Asa “Urkel” Hutchinson vanquished the drug moister so ineptly that he became the Father of the Transportation Security Agency. Pretending to solve problems so people would FEEL safe required a man like Asa. The United States managed to survive for 226 years, including two world wars, without a Department of Homeland Security. It took a BIG GOVERNMENT Republican to expand the bureaucracy and the swamp.

Here is what the new bureaucracy says it does: “The Department of Homeland Security has a vital mission: to secure the nation from the many threats we face. This requires the dedication of more than 240,000 employees in jobs that range from aviation and border security to emergency response, from cybersecurity analyst to chemical facility inspector. Our duties are wide-ranging, and our goal is clear – keeping America safe.”

When the TSA fondles little girls and grandmothers in wheelchairs, Americans FEEL safe; almost as safe as they feel when NSA spies on law abiding Americans and our best allies like Israel.

Unfortunately none of this big government road show has prevented a single terrorist attack or secured our 92,000 miles of coastline. During security tests, more than 90% of fake guns and bombs made it through TSA security undetected. I rarely fly on airlines because I am not content with feeling safe. I feel safe on private jets and have flown a couple of hundred hours on them. The real shame is that the United States could become secure like Israel but Little Satan is not politically correct. Israel profiles! There, I said it. Israeli leaders know that little girls don’t hijack airliners and they don’t hire pedophiles as airport security. They also have a sophisticated wall on their southern border with radar that can detect a vehicle several miles away and a person within a mile. The Israeli government likes to know who enters their country and what their intentions are. The willy-nilly U.S. homeland security would never satisfy the Israeli Citizens, not for a New York second.

Asa “Urkel” Hutchinson has fought President Trump since before he endorsed Little Marco. He often appears on MSNBC with his like-minded buddies and trashes our President. He fought against repealing and replacing Obamacare and refused to give the President’s Voter Fraud Commission the information they asked for from Arkansas. My guess is that the 60% of Arkansas voters who supported President Trump and several thousand who have wised up since, are not happy with Governor Hutchinson who has depended on 100% of the Democrats and his handful of RINOs to steamroll his liberal, socialist agenda through the Arkansas Legislature.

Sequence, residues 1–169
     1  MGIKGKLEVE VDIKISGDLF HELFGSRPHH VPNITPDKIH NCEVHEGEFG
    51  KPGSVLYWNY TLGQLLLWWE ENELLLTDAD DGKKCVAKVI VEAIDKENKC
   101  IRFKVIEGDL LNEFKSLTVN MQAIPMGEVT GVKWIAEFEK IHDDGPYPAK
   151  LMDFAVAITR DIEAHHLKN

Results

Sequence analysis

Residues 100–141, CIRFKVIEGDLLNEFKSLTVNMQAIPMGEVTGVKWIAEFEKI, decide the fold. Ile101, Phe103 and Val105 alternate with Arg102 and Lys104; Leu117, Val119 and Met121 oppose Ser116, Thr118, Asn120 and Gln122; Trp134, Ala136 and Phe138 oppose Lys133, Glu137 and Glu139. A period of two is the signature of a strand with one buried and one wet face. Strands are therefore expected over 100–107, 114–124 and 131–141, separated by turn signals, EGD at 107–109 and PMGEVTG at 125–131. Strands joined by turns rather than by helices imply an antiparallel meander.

Many people are telling me they just didn’t know. The Republican Primary is in May. Will you make an effort to know who you’re voting for this time?

When President Trump talks about the Swamp, he’s not kidding! The good guys like Generals Petraeus and Flynn get the shaft while the seedy folks, like the Wise Monkeys, get the plum jobs and all the glory.

The IG System is Fraudulent!

December 14, 2017


Al Franken wanted to go before the fraudulent Senate Ethics Committee for good reason!

Surprise, the government Inspector General System is 1,000 times more fraudulent!

IG’s are not independent & almost NEVER substantiate fraud or criminal activity!

Whistleblowing is suicide!

Every federal employee or member of the Armed Forces knows that if they report fraud waste & abuse the IG will crucify them.

Reprisals against whistleblowers are a career ending certainty.

For 40 years I have begged for criminal investigations into the IG system!

FW&A costs taxpayers a trillion dollars!

Congress passed Whistleblower Protection Laws and later strengthened the laws but nothing has any effect on the absolute certainty of reprisals.

If you watched Rosenstein thumb his nose at Congress you got a tiny taste of the arrogance of the deep state.

Members of Congress who are appeased or comforted by IG Investigations are worse than fools!

Do you trust the FBI, DOJ, VA, EPA, IRS, TSA and State Department to investigate themselves?